I share the point of view presented in the article "A Place for Innocence on the Night Streets," March 23. The author's prophecy, that "dark streets breed dangerous men who harm women," might be interpreted as self-fulfilling in proportion to the fear of the woman.
I don't walk our moonlit downtown streets surrounded by crime-infested neighborhoods just to test my courage, but the other night, like the author, I needed to be there on business. When I stepped from the car, a man approached. He carried a large sack that bulged in angles like aluminum cans and a long-handled tool. He looked at me and asked if I could spare a quarter.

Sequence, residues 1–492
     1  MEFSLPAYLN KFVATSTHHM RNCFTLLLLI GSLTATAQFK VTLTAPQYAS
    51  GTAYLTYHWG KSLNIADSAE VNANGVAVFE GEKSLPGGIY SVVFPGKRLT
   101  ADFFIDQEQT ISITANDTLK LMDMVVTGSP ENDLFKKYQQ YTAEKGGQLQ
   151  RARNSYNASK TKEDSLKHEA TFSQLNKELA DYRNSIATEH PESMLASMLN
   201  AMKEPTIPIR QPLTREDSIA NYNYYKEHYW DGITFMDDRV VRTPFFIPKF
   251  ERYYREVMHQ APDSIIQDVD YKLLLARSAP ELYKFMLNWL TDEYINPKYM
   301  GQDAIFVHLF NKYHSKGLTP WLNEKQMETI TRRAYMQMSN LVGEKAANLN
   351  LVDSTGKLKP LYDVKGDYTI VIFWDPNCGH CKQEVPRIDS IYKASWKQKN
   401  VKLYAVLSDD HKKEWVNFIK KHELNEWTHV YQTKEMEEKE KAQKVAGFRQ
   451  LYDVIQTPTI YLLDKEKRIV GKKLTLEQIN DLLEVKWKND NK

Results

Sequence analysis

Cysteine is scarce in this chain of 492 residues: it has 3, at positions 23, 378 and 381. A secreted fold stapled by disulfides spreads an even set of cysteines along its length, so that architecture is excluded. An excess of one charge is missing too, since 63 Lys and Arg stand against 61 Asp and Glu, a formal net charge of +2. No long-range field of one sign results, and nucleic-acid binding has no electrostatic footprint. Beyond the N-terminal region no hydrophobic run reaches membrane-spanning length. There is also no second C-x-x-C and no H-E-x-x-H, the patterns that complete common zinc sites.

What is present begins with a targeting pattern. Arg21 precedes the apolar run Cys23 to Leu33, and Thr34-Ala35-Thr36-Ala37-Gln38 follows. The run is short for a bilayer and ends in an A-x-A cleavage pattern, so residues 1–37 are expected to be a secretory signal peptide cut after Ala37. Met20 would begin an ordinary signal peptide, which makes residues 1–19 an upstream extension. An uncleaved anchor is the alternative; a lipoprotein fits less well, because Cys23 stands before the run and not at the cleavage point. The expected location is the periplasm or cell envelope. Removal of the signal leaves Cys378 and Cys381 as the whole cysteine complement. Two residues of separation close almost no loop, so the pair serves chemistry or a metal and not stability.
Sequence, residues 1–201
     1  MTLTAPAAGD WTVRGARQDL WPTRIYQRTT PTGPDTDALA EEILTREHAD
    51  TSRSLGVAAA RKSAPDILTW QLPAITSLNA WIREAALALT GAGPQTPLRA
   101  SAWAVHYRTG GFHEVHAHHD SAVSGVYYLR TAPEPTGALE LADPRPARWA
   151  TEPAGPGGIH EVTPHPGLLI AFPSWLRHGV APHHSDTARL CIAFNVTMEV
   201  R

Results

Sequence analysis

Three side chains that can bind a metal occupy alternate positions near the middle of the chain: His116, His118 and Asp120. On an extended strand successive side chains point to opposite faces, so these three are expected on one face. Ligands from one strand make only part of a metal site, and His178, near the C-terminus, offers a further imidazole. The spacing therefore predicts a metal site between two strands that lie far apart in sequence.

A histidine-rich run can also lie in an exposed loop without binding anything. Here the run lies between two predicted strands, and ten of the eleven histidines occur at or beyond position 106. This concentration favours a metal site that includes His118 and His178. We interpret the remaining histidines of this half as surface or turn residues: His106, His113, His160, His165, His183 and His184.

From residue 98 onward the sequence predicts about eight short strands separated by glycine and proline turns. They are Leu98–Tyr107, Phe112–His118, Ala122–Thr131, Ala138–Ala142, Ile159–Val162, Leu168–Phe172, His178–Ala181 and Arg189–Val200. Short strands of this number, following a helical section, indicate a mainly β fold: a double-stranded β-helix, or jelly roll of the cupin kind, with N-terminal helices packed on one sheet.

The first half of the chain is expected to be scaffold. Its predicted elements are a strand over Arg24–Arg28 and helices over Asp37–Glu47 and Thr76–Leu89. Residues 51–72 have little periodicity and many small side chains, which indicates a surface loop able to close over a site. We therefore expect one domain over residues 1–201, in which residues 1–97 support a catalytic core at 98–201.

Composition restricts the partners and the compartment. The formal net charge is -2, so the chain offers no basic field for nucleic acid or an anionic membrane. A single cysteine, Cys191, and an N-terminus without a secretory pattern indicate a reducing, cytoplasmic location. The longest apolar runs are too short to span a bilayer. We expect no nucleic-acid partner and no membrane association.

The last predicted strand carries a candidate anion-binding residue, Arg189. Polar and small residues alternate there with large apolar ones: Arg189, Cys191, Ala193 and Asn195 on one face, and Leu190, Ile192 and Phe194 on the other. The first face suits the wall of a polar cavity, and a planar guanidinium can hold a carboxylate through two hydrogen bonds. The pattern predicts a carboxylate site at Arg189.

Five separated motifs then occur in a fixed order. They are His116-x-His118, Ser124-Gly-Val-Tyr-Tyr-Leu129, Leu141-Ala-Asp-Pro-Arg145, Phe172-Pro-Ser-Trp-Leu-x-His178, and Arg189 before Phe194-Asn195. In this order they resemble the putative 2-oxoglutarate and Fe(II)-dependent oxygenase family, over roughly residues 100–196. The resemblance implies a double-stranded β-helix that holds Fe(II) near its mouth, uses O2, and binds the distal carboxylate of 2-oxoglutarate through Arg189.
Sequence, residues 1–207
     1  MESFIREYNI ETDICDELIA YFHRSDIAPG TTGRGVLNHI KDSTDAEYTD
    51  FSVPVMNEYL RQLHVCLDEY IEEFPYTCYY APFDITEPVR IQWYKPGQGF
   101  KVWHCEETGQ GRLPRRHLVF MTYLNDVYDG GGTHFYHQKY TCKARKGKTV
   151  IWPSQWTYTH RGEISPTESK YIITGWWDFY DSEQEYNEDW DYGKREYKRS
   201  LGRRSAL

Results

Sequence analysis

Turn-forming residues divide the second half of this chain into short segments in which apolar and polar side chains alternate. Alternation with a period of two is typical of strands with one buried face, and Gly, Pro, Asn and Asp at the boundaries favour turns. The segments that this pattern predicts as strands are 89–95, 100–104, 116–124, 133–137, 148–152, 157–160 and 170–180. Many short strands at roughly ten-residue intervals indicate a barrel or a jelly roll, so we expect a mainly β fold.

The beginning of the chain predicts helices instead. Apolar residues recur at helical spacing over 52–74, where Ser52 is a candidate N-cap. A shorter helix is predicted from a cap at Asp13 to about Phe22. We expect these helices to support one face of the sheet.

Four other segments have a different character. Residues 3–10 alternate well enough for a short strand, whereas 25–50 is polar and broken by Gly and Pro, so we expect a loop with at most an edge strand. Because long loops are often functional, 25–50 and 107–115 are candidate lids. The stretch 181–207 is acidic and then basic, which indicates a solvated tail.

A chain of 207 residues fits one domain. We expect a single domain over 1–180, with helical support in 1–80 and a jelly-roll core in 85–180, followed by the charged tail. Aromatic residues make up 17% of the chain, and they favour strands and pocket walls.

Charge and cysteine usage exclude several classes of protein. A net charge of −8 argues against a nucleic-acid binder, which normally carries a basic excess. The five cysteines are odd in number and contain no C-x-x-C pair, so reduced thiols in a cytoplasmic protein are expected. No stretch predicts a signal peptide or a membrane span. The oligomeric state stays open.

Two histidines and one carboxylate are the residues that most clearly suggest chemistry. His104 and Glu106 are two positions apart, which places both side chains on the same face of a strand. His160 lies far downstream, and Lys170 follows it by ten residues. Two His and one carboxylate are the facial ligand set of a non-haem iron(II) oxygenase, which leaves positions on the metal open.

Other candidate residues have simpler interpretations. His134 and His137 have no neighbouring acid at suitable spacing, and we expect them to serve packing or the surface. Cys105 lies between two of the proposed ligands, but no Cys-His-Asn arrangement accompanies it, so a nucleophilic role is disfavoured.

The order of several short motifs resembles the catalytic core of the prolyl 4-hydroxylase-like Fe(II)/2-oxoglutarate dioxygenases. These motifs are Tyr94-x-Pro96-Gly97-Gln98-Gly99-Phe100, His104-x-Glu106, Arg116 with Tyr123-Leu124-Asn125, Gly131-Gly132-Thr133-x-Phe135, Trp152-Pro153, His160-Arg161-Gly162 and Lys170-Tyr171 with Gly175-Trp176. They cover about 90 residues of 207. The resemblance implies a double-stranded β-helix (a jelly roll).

I told him I had some cans, but when I opened the trunk, I discovered there were only four. I apologized and said I was sorry that they weren't worth much. Without a word, he opened his sack, put them in, and walked away. After a few steps, he turned, pulled himself up straight, and with a clear voice that projected a sense of dignity, said, "Lady, I'd like to thank you for the cans." What I said was, "You're so welcome," but what I thought was, "My brother, I wish you well." Nancy Kirk Tharpe, Shreveport, La.
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